Article

Circulating Cell-Free DNA Part 1

Blog Staff


06-Nov-2018


cfDNA has been the talk of the town – now more than ever. The number of publications published on cfDNA per year has increased over 15-fold in the last decade (PubMed).

cfDNA, the extracellular DNA that circulates freely in the blood and other bodily fluids, is released from sources such as apoptotic cells in healthy conditions1, necrotic cells in cancer,1 or from fetal cells in maternal blood.2 cfDNA fragments are about 170 bps in length and have a short half-life of about 15 minutes to a few hours.3 Its discovery and utility for various research and clinical applications has revolutionized the field of genomics. Several characteristics of cfDNA, such as concentration, stability and integrity, are significantly different in cancer cells compared to normal cells.4 Studies have also shown that a fraction of cfDNA, called circulating tumor DNA (ctDNA), can be used to determine somatic mutations, copy number variations (CNV) and epigenetic alterations that are characteristic of cancer cells.5,6,7 Analysis of cfDNA in maternal blood can also provide information about chromosomal aneuploidies such as trisomy 13, trisomy 8 and trisomy 21 in the fetus.8 Therefore, the ability to accurately measure and quantify cfDNA as a biomarker has enormous potential for the detection and real-time monitoring of cancer (liquid biopsy) and in prenatal screening (non-invasive prenatal testing, NIPT).

However, despite showing great promise as a tool for precision medicine, the use of cfDNA has not realized its peak yet. Two reasons can account for this:

  • Amount of cfDNA: cfDNA makes up only a fraction of the DNA present in plasma (3-6%).9 Therefore, isolating it is rather challenging, and needs specialized techniques.
  • Stability, integrity and purity of cfDNA: Methods such as digital PCR or next-generation sequencing have been used to detect and analyze cfDNA; however, they are unforgiving in terms of the quality and purity of cfDNA required as an input. It is difficult to properly preserve and stabilize cfDNA post-collection and prevent contamination from high molecular weight genomic DNA for long periods of time. Contaminating DNA can interfere with PCR and sequencing efforts, biasing results toward wild-type alleles.5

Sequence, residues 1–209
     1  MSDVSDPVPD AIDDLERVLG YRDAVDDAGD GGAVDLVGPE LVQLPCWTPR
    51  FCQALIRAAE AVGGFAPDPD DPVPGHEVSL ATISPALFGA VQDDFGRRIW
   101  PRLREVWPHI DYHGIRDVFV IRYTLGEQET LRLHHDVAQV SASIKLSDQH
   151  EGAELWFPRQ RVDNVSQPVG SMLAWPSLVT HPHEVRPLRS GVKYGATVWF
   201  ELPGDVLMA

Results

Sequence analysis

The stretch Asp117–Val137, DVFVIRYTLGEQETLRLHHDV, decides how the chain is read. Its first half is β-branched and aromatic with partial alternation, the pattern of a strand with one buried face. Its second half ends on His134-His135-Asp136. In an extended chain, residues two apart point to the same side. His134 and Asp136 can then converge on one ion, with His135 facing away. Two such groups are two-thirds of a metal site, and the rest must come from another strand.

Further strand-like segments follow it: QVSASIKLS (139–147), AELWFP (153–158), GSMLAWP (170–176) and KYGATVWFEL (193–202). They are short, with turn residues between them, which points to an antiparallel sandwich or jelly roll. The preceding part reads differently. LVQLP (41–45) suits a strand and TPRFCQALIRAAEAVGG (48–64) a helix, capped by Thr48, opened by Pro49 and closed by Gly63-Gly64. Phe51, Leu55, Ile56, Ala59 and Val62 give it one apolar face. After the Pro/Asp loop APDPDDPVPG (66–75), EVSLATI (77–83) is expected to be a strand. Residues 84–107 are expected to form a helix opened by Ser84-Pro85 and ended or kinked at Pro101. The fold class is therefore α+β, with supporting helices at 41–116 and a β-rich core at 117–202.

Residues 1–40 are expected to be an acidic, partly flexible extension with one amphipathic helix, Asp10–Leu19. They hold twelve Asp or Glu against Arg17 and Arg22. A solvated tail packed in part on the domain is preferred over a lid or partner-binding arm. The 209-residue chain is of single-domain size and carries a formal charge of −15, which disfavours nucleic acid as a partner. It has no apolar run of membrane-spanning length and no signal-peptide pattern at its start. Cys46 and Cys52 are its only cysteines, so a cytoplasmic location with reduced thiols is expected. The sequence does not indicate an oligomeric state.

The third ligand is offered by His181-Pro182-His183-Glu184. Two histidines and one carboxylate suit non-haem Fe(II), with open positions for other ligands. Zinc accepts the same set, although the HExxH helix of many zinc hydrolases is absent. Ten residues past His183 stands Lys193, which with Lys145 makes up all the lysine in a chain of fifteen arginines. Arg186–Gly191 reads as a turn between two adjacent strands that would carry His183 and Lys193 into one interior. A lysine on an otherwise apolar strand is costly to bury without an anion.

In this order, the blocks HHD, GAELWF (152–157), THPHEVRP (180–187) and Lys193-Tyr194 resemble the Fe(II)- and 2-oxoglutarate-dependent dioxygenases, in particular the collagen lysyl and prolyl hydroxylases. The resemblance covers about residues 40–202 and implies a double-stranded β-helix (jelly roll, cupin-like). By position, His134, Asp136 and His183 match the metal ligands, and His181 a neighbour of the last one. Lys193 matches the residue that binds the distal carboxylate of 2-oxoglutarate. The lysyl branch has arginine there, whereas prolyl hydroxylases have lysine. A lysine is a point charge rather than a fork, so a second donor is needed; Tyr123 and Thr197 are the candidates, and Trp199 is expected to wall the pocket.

Given how expensive and time consuming downstream analytical techniques are and how precious the sample is, it is extremely critical to optimize preanalytical factors that may affect cfDNA quality to ensure the results obtained are reliable. In Part 2 of this series, we will discuss these preanalytical factors in detail and provide some tips on how to avoid them.

Roche offers cell-free DNA collection tubes for the collection, stabilization and transportation of whole blood specimens, cfDNA-based non-invasive prenatal test to screen for possible chromosomal conditions in a pregnancy, and ctDNA analysis kits for liquid biopsy assays for oncology research. Check them out.

References

  1. Jung et al. 2010. Cell-free DNA in the blood as a solid tumor biomarker – a critical appraisal of the literature. Clinica Chemica Acta; 411:1611-1624.
  2. Lo et al. 1997. Presence of fetal DNA in maternal plasma and serum. Lancet; 350:485-487.
  3. Salvi et al. 2016. Cell-free DNA as a diagnostic marker for cancer: current insights. Onco Targets Ther; 9:6549-6559.
  4. Volckmar et al. 2018. A field guide for cancer diagnostics using cell-free DNA: from principles to practice and clinical applications. Genes Chromosomes Cancer; 57:123-139.
  5. Markus et al. 2018. Evaluation of pre-analytical factors affecting plasma DNA analysis. Nature; 8:7375.
  6. Bettegowda et al. 2014. Detection of circulating tumor DNA in early- and late-stage human malignancies. Science translational medicine; 6: 224ra224.
  7. Dawson et al. 2013. Analysis of circulating tumor DNA to monitor metastatic breast cancer. The New Engl J of Medicine; 8: 1199-1209.
  8. Chiu et al. 2008. Noninvasive prenatal diagnosis of fetal chromosomal aneuploidy by massively parallel genomic sequencing of DNA in maternal plasma. PNAS; 105(51):20458-20463.
  9. Ordonez et al. 2013. Evaluation of sample stability and automated DNA extraction for fetal sex determination using cell-free fetal DNA in maternal plasma. BioMed Res Internatl; doi:10.1155/2013/195363